CEO Junior Ngulube advises professionals to specialise then add to their toolboxes

Home » Strategy & Leadership » CEO Junior Ngulube advises professionals to specialise then add to their toolboxes

CEO Junior Ngulube advises professionals to specialise then add to their toolboxes

Jan 6, 2024 | Strategy & Leadership

The ultimate high of Junior Ngulube‘s career was being appointed the CEO of Munich Re Africa. He grew up in the business starting off as an underwriter and rising to the corner office. That is the dream of virtually everyone who stays on in an organisation. He always had it as a life ambition to run the Africa business one day and it was a tremendous opportunity to get to lead that great company.

Courage

‘The low point for me was when the shareholders decided to close down Munich Mauritius in 2015,’ laments JJ. ‘I wouldn’t want to criticise shareholders but it baffled me that they decided to shut it down. It was a small entity but it was consistently profitable. However, the profits when converted to Euros were small and therefore the European shareholder decided that it wasn’t worth the trouble. That was a disappointing moment for me having watched the entity grow from the time we formed it in 1998. But as they say, there is no room for sentiment in business.’

JJ believes the key ingredient to successful leadership is courage. You have got to be able to make certain calls.

‘I think the appropriate term is ‘call’ rather than ‘decision’ because the term decision suggests that you have all the information. Often a leader is making a call with only 40% of the information and the rest of it is based on judgement. It takes courage and self belief to make those calls with incomplete information. When you are a leader, you have teams that will handle the daily activities and you do not need to involve yourself in those unless you are consulted. Your  focus is on the big calls and that is where courage comes in. And this often involves making changes which is difficult to do because I often say that only a baby with a wet diaper enjoys change.’

As a leader you listen to the input of your team and take it on board but must have the courage to tell the team that you have decided to do the opposite of what they suggest. You do not always need to agree with the majority. The call needs to be made early enough because if you think you can wait until you have 100% of the information necessary to make a decision, it will be too late and someone else will have done it. A leader is trying to take a business into the future and since he can see the opportunities. The job involves sharing the vision with the team and getting them excited about the possibilities.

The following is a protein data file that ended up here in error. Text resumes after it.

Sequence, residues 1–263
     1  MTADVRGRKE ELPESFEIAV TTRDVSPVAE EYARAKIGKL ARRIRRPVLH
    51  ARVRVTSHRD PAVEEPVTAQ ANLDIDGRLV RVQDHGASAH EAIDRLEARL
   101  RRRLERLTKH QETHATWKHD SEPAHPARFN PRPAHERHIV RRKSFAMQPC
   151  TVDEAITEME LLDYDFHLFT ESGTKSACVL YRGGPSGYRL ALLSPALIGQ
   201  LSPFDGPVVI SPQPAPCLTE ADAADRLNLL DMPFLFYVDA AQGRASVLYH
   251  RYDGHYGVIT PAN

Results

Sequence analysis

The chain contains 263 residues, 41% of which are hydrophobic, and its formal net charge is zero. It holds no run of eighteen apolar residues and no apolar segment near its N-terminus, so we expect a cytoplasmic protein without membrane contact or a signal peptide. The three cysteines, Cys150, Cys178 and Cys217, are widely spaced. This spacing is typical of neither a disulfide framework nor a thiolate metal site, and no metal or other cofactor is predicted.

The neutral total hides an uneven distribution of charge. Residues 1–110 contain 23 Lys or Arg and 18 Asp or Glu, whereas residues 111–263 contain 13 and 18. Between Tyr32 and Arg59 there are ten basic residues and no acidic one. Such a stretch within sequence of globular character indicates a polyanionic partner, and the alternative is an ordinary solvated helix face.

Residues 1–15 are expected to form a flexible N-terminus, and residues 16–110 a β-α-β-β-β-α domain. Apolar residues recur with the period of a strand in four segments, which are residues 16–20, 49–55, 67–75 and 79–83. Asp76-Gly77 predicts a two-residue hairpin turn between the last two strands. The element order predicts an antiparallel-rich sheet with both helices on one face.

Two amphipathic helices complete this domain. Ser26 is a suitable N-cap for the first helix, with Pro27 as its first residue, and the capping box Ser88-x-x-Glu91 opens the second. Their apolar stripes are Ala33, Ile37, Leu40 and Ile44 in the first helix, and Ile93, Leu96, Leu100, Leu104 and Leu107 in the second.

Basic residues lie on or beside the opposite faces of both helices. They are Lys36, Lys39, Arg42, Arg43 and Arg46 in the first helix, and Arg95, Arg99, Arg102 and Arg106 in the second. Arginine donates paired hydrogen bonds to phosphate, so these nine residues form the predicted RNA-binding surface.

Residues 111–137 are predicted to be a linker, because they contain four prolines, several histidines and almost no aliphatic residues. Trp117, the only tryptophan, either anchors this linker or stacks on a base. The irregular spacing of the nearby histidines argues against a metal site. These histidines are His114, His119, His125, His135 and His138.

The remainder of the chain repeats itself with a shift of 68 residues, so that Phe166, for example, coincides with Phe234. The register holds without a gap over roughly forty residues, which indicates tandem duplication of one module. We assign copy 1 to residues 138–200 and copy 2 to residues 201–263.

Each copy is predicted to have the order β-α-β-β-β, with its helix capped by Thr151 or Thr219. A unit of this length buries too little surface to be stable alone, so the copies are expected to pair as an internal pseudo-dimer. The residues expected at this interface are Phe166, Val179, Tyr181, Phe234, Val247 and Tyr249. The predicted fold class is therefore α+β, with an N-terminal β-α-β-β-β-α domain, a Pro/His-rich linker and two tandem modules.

JJ often reflects on Nelson Mandela in this regard. Soon after independence in 1994, the ANC hierarchy was pushing for the removal of sports emblems like the Springboks and replace them with new ones. After much debate, Mandela decreed ‘you chose me to lead, now let me lead you. The emblem stays’. A couple of years later, the Springboks won the Rugby World Cup at Ellis Park and it was a massive nation-building and unifying moment that would not have been possible if Mandela had been lacking in courage and agreed with his colleagues.

Strategy 

‘I would rather have a mediocre strategy that is well executed than a brilliant strategy that does not get off the starting blocks. If you look at some of the things consultants come up with, they are mind-blowing with all kinds of stunning Powerpoint presentations. CEOs also have the habit of wowing their boards with flowery language and grand plans which once approved and never get executed fully.  I would rather have a simple strategy that is ruthlessly executed.’

I think you need to specialise in something; become an expert in what you do so that you always bring something of high quality to the table. Thereafter, you need to gain new competencies because if you just focus on becoming say a brilliant engineer you will have fewer chances of being a CEO of the company. You need a wider breadth of expertise and competencies. Once you have mastered your speciality in-depth, you should look at other opportunities within the business.’